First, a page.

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“The Black Man’s Burden”: A Response to Kipling

In February 1899, British novelist and poet Rudyard Kipling wrote a poem entitled “The White Man’s Burden: The United States and The Philippine Islands.” In this poem, Kipling urged the U.S. to take up the “burden” of empire, as had Britain and other European nations. Theodore Roosevelt, soon to become vice-president and then president, described it as “rather poor poetry, but good sense from the expansion point of view.” Not everyone was as favorably impressed as Roosevelt. African Americans, among many others, objected to the notion of the “white man’s burden.” Among the dozens of replies to Kipling’s poem was “The Black Man’s Burden,” written by African-American clergyman and editor H. T. Johnson and published in April 1899. A “Black Man’s Burden Association” was even organized with the goal of demonstrating that mistreatment of brown people in the Philippines was an extension of the mistreatment of black Americans at home.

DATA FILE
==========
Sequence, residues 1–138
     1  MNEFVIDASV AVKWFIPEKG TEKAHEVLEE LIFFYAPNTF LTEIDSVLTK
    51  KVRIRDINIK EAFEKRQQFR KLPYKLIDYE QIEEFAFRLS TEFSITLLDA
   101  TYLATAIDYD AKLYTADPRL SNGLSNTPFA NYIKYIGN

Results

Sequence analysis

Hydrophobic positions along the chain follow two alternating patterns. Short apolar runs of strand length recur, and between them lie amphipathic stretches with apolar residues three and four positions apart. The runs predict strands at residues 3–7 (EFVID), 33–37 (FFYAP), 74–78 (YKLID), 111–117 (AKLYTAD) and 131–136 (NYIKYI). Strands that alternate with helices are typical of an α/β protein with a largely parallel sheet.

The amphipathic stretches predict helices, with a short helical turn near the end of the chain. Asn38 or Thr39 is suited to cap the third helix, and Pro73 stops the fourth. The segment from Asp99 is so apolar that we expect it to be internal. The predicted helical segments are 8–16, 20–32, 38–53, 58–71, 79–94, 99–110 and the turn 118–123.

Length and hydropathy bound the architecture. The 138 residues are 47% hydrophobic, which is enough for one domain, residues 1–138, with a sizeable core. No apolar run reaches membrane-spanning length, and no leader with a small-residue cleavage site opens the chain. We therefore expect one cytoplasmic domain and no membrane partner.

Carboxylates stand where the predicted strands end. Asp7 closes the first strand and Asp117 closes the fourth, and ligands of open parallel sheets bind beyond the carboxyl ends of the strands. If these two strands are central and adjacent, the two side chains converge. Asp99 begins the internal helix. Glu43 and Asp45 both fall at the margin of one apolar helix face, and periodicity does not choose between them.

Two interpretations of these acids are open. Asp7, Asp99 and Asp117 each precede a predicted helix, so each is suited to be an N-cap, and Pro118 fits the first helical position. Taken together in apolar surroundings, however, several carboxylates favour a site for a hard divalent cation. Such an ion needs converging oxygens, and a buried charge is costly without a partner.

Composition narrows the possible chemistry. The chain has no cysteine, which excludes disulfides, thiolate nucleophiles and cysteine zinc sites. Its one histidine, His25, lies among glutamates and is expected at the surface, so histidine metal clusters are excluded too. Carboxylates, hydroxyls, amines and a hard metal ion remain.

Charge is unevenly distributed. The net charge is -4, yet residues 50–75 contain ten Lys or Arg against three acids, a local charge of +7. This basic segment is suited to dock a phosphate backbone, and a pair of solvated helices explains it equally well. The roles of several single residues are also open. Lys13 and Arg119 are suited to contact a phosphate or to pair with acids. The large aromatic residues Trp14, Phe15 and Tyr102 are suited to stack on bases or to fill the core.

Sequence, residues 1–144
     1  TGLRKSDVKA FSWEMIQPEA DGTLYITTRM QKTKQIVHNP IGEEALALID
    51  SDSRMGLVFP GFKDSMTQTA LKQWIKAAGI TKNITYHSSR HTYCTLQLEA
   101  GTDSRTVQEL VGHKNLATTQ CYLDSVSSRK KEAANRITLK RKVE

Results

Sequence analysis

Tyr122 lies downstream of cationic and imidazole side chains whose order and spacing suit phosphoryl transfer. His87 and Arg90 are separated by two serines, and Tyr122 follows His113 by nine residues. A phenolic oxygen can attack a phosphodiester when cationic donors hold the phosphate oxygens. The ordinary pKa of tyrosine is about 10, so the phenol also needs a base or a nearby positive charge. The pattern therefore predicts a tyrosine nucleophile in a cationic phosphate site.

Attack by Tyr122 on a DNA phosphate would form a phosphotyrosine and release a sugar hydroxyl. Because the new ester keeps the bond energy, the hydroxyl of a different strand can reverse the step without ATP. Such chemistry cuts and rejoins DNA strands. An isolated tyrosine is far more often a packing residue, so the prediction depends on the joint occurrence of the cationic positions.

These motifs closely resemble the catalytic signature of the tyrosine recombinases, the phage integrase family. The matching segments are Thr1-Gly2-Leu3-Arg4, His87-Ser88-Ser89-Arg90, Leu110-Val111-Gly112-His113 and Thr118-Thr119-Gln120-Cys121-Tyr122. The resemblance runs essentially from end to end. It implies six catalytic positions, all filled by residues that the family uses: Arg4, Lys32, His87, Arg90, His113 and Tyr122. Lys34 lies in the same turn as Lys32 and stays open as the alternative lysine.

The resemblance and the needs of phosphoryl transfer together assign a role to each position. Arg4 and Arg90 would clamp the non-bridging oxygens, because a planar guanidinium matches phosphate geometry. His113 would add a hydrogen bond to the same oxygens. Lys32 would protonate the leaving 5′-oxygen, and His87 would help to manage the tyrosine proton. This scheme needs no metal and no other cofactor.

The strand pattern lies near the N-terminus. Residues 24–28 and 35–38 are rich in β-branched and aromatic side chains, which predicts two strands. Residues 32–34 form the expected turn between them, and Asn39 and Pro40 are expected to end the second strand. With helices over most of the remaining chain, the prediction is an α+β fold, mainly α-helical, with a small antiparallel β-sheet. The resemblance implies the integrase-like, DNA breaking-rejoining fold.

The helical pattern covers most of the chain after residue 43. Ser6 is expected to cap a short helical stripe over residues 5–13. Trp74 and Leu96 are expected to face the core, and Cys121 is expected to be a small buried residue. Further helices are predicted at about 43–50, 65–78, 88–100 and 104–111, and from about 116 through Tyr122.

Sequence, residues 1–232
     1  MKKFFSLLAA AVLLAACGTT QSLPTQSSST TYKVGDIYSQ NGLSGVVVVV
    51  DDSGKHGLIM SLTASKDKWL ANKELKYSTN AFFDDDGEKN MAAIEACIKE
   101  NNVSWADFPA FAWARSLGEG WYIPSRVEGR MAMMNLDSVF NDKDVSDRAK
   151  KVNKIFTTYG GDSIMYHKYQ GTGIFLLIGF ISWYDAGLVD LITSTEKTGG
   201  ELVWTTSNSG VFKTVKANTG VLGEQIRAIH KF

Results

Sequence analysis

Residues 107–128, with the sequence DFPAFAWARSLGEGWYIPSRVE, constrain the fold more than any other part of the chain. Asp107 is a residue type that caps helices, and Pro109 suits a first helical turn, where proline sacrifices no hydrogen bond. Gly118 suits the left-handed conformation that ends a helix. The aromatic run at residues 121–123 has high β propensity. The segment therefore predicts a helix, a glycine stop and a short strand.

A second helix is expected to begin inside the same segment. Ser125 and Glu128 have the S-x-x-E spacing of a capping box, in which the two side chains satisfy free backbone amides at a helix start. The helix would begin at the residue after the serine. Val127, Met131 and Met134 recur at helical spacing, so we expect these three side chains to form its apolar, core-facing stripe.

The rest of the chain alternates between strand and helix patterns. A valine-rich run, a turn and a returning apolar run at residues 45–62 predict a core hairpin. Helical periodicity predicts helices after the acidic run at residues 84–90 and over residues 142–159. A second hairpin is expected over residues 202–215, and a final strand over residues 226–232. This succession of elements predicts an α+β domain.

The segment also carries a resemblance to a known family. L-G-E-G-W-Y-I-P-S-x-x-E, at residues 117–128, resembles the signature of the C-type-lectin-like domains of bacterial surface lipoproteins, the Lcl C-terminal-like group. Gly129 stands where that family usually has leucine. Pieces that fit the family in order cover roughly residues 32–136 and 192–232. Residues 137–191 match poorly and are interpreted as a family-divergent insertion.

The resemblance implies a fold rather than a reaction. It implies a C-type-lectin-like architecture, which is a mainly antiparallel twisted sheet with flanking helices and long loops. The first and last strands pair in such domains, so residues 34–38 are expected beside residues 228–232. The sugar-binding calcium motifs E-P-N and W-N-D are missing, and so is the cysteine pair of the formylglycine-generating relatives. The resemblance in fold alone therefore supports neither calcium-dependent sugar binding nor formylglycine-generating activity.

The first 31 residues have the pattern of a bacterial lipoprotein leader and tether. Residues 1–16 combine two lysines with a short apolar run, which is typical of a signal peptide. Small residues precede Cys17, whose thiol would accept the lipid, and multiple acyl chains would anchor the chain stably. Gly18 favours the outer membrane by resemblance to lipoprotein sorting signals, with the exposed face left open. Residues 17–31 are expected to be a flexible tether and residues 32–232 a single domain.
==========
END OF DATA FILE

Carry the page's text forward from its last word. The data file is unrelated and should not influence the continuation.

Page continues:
Pile on the Black Man’s Burden.

'Tis nearest at your door;

Why heed long bleeding Cuba,

or dark Hawaii’s shore?

Hail ye your fearless armies,

Which menace feeble folks

Who fight with clubs and arrows

and brook your rifle’s smoke.

Pile on the Black Man’s Burden

His wail with laughter drown

You’ve sealed the Red Man’s problem,

And will take up the Brown,

In vain ye seek to end it,

With bullets, blood or death

Better by far defend it

With honor’s holy breath.

Source: H.T. Johnson, “The Black Man’s Burden,” Voice of Missions, VII (Atlanta: April 1899), 1. Reprinted in Willard B. Gatewood, Jr., Black Americans and the White Man’s Burden, 1898–1903 (Urbana: University of Illinois Press), 1975, 183–184.